35 The issues to be determined on appeal are as follows:
(a) whether the claims brought by the appellants in S 10 amount to an abuse of process;
(b) in respect of the substantive merits of S 10:
(i) whether Mr Goh breached his fiduciary or other duties owed to BAP, BTEC or BPM;
(ii) if so, whether BAP, BTEC or BPM were entitled to claim the Diversion Loss and the Total Loss;
(iii) whether the Judge had erred in finding that Mr Goh was liable to return the bonus and salaries he received;
(iv) whether the claims brought by BTEC were time-barred under PRC Law; and
(c) whether the costs order below should be varied or set aside.
Abuse of process
The Judge’s decision
36 The Judge held that the claims in S 10 were brought in abuse of process as he reasoned that these claims could and should have been brought in S 672. In respect of the claims for Diversion Loss and Total Loss, Mr Shaw had been informed before S 672 was started that the losses claimed by BTL were in fact losses directly suffered by BAP. In respect of the Unjustified Bonus and Salaries claims, the directors of BTL were aware of these claims when S 672 was commenced (Judgment at –). In respect of the Diversion Loss and Total Loss claims, all the 672 Plaintiffs would have had to do to bring in the proper claimants was to amend the pleadings to add BAP, BTEC and BPM as plaintiffs. Any additional work required would not have been significant and the defendants in S 672 could have been adequately compensated for the amendments by costs (Judgment at , –). The claims made in the Unjustified Salaries Claim mirrored those made by BIPL, and the Unjustified Bonus Claim arose out of the same matrix of facts underlying the Diversion Loss and Total Loss claims.
37 The Judge further took into account the fact that the 672 Plaintiffs had sought Mareva injunctions against Mr Goh and his wife, which were varied to the imposition of caveats on their properties in 2014. He observed that once the Mareva injunctions were in place, the 672 Plaintiffs had an added burden to ensure that all the claims which the Beyonics Group wished to make arising out of the same matrix of facts should be made such that the dispute would end at the earliest possible time. Further, the 672 Plaintiffs had refused to withdraw the caveats after the 672 Judgment was given even though the caveats had lapsed (Judgment at –).
38 The Judge considered the conduct of the 672 Plaintiffs subsequent to the 672 Appeal Judgment in delaying the release of excess damages that had been paid by the 672 Defendants to be unacceptable. The 672 Plaintiffs had refused to return the excess moneys for some time on the basis that the respondents were liable to pay the sums to BAP. The Judge was of the view that the 672 Plaintiffs had retained the sums in an attempt to compel the respondents to agree to pay the moneys to the appellants without a court order to do so (Judgment at –).
39 Finally, the trial in S 672 was burdensome and allowing the trial in S 10 to proceed would be exposing an individual defendant to another trial of a similar magnitude (Judgment at ). It would be manifestly unfair to the respondents, particularly to Mr Goh, to have to defend a second trial on the same matrix of facts. This unfairness outweighed the right of the appellants to have what was “plainly a genuine cause of action” to be tried (Judgment at –, ).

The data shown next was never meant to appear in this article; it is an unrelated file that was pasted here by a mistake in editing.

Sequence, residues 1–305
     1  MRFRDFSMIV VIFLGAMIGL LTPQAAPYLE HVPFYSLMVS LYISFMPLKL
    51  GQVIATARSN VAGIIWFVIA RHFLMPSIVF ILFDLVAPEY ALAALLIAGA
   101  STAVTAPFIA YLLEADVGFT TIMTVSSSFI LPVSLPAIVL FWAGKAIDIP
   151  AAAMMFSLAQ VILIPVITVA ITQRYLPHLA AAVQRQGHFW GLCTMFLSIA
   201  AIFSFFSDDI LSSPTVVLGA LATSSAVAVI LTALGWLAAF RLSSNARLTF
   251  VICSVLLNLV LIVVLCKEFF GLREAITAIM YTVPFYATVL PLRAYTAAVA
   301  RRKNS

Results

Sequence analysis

40 The appellants submitted that S 10 was not a collateral attack on the previous judgments. The claims for Unjustified Bonus by BAP and Unjustified Salaries by BAP, BIL and BTS were not in issue in S 672. As for the claims for Diversion Loss and Total Loss, the claims were now brought from the perspective of BAP, BTEC and/or BPM, instead of from that of the parent company. The fact that BAP brought the claim in S 10 as the primary claimant is in line with and/or consequential upon the finding made by this Court in the 672 Appeal Judgment that BAP should have been the proper plaintiff.
41 The appellants further submitted that there were reasonable grounds for BTL to have considered itself as the proper party originally. The 672 Plaintiffs’ first expert who prepared the FTI report (“FTI Report”) for the purposes of the application for an ex parte Mareva injunction had computed losses at the level of the parent company, ie, at BTL’s level. At the trial for S 672, the 672 Plaintiffs relied on another expert, Mr Ramasamy Subramaniam Iyer (“Mr Iyer”), who had similarly computed the parent company’s losses, taking into account the position of the subsidiaries. Further, the legal position in relation to the reflective loss principle was not settled.
42 During S 672, the 672 Defendants (who included the respondents) did not deny that BTL was the proper party and did not plead a positive case that BAP was the proper plaintiff. They only suggested that BAP was the proper plaintiff on two isolated and belated occasions. On the first day of the trial of S 672, the 672 Defendants had suggested that BAP, BTEC or BPM should have been the proper plaintiff during the cross-examination of Mr Shaw. The 672 Plaintiffs objected to this on the basis that it had not been pleaded. The 672 Judge upheld the objection. This issue was then resurrected after trial in the respondents’ closing submissions but only with regard to BAP. The appellants argued that the 672 Defendants did not admit that BAP was part of the PES Division and that revenue was booked in BAP, and therefore, it would be inconsistent for them to claim that BAP should have been the proper plaintiff. Since the 672 Defendants chose not to plead an affirmative case on the proper party, and chose to take their chances on the narrow basis that the parent company may be unable to prove that it had suffered loss by reason of Mr Goh’s actions, they would also have to accept the risk that an alternative claimant may later start a fresh suit.